As I look back, the earliest memory I have of interaction with mom is a day I came home from third grade and told her that I had volunteered HER to bake 3 cakes for the cake walk at our school carnival.....and they needed to be done by 7 o'clock that very evening. That was the first time I knew what it meant when she "raised her eyebrows" and "rolled her eyes". But I also found out what unconditional love meant. She smiled that beautiful smile, we baked the cakes and got them to the school in plenty of time.
I remember my mom always holding my hand no matter where we went. And as I grew up, that became a conflict between us. I mean, what 8 year old wants to be seen holding her mom's hand when she crosses the street? However, at that time, NOone would have been able to convince me that someday I would long to feel her strong hand around mine, giving me comfort and guiding me to safety once again.
There were the usual disagreements between mother and daughter, and I remember thinking that I would never live to be as old as she was, but if I did, I would be way smarter and certainly much more tolerant. And again, a few years later, I discovered that something remarkable had happened....she was the person I most admired....my hero, the person I wanted to be like when I grew up.
In retrospect, that lesson ended up being the most difficult one. I found that being a parent was not as easy as she made it look. (I swore it was just a case of having eyes in the back of her head, or spies at the movie theatre). She taught me that it is a life long committment of supporting, trusting, nurturing and "being there" when needed. Mom excelled at all of those things.
I can't remember ever feeling alone. That was one of the most wonderful things about growing up. She always had a hug for me, or a brush for my hair, a Bufferin for my head and a Band-Aid for my knee.
Mom seemed to know when something was bothering me and I knew she was the best person to go to for advise and encouragement. We would take walks in the park, go for a drive or lay on a blanket looking at the clouds during the day or the stars at night. At the end of these sessions a miracle seemed to have occured. The problem was either solved or I had found the courage to face the dilemma and knew what needed to be done to work it out for myself.
Guess I was a typical teenager, because it seemed to me that she thrived on embarrassing me in front of my friends by saying the dumbest things!!!! Her favorite phrase at that time was "See Ya Later Alligator"....to which my friends gave the appropriate response, then we'd wave "bye" to her and be on our way. They would laugh and tell me how funny they thought she was. And she was funny! Mom has such a quick wit and marvelous sense of humor and sometimes gets such a mischievous look in her eyes when she smiles. But when she laughs, they always twinkle.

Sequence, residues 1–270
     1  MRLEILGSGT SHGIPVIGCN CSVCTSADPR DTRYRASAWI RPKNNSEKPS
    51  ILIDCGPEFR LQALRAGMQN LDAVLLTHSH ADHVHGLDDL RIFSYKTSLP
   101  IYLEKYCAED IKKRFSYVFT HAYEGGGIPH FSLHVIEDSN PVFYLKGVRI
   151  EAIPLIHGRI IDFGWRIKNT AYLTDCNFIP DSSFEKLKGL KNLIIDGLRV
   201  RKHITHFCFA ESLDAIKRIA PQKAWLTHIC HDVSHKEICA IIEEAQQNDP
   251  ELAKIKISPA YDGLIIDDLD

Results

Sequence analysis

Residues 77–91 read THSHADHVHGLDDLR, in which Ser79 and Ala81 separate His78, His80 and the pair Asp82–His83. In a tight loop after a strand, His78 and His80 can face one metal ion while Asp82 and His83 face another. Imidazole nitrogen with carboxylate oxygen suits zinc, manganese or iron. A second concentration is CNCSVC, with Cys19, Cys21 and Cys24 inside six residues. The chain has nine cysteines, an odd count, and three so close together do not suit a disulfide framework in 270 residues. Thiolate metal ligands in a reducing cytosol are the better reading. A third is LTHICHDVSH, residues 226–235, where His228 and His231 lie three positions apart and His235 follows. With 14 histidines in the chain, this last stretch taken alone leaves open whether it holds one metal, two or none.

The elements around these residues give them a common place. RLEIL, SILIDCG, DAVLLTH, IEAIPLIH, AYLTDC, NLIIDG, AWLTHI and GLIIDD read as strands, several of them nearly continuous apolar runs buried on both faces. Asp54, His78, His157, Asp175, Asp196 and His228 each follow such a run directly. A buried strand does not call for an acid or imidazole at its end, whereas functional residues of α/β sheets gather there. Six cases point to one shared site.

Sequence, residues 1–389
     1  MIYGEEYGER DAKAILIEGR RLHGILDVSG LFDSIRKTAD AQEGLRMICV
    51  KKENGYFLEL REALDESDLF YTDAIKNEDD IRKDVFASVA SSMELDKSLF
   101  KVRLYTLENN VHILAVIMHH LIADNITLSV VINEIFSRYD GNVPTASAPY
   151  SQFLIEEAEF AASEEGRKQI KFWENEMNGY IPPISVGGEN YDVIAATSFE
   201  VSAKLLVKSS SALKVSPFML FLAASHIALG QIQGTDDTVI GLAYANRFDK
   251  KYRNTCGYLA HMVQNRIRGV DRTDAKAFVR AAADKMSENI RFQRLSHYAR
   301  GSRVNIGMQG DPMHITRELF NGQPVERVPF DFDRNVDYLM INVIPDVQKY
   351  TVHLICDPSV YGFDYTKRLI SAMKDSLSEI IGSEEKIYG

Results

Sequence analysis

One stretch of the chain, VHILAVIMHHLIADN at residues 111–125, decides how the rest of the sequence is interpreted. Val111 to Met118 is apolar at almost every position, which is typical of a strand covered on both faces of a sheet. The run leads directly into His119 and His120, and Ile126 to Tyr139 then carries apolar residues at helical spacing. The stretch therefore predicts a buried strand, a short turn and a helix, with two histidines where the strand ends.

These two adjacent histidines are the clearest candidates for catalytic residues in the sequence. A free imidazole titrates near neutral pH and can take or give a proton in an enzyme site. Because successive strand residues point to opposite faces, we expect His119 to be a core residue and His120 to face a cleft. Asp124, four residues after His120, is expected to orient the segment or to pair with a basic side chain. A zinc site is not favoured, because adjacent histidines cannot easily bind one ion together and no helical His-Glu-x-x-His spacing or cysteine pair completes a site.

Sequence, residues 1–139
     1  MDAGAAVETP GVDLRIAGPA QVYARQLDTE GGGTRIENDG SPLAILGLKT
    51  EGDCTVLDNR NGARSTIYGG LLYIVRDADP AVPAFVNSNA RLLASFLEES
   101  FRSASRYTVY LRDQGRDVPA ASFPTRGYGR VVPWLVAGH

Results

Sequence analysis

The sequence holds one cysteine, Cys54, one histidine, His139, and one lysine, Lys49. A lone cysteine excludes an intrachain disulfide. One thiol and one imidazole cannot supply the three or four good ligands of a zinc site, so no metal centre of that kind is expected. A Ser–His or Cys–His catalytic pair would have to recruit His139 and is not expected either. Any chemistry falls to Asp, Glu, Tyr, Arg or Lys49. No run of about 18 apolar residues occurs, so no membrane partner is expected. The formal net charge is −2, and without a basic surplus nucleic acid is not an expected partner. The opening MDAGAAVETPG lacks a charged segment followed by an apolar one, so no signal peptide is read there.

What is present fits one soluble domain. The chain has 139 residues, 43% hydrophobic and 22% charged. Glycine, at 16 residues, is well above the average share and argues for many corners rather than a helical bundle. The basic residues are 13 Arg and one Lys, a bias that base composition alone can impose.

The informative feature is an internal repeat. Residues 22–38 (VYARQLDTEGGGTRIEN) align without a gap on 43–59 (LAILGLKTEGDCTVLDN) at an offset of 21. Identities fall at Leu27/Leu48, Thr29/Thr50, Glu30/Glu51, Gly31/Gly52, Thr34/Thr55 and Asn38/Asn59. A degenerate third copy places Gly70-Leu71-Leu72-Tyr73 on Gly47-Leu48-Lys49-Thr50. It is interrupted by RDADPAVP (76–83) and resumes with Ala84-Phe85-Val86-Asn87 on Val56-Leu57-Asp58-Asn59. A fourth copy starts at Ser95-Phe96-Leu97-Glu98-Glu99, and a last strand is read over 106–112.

I don't recall exactly when she got older.....or became ill. The process was slow at first, and I think I was in denial. If I didn't want it to happen and if I prayed hard enough and sincere enough, then it couldn't possibly happen. But one day it dawned on me, I was the one giving her the Bufferin and Band-Aids and brushing her hair. Now when we held hands, her hand seemed to be the small and fragile one. I had mixed emotions at the time, but I was so thankful that I could return the unconditional love and caring that she had so unselfishly given to her family for so many years. Sometimes "paybacks" can also be a thing of great joy.
She has been gone a month now, but she is never far from me, a part of her lives on. When I brush my hair, she will be talking to me about needing a hair cut and advising me to stop cutting it myself!!! :-) When I see the clouds during the day, or watch the stars at night, I will reflect back on our talks and find peace in my heart. I'll always keep lots of Band-Aids and Bufferin around, just in case someone else needs comforting. And when I cross the street, subconsciously, I'll still reach up for her hand.
The last time she talked to me at the hospice center, she was semi-lucid and not in much pain. Out of the blue, she turned her head to me and said "See Ya Later Alligator"....and I hugged her as tight as I dared and we both smiled.
And now, every night when I go to bed, I just have to say......"after while crocodile"
She was my best friend, my mentor, my mom.
And I miss her terribly.
Love you mom.
Memorials, Fourth Quarter 2001 | Main Index, Memorials
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